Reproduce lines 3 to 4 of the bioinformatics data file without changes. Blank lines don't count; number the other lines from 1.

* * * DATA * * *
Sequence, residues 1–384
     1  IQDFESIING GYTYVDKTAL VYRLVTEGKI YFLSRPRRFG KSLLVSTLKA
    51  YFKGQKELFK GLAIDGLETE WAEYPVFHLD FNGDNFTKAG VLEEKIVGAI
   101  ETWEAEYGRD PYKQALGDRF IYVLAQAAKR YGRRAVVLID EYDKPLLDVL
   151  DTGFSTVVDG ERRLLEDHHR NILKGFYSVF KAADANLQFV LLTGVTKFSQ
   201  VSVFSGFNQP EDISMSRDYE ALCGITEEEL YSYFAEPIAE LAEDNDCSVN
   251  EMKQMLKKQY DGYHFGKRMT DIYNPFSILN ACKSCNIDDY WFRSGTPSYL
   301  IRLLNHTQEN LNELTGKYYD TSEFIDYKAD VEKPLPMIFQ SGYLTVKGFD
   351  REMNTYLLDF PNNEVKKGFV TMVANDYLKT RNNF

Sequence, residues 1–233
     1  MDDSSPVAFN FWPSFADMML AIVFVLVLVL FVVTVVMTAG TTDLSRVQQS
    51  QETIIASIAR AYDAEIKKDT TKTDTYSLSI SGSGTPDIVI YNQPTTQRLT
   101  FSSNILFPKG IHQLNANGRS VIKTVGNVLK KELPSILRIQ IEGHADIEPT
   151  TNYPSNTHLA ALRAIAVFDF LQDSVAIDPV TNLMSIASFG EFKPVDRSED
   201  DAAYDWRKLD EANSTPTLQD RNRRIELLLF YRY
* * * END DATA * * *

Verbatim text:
    51  YFKGQKELFK GLAIDGLETE WAEYPVFHLD FNGDNFTKAG VLEEKIVGAI
   101  ETWEAEYGRD PYKQALGDRF IYVLAQAAKR YGRRAVVLID EYDKPLLDVL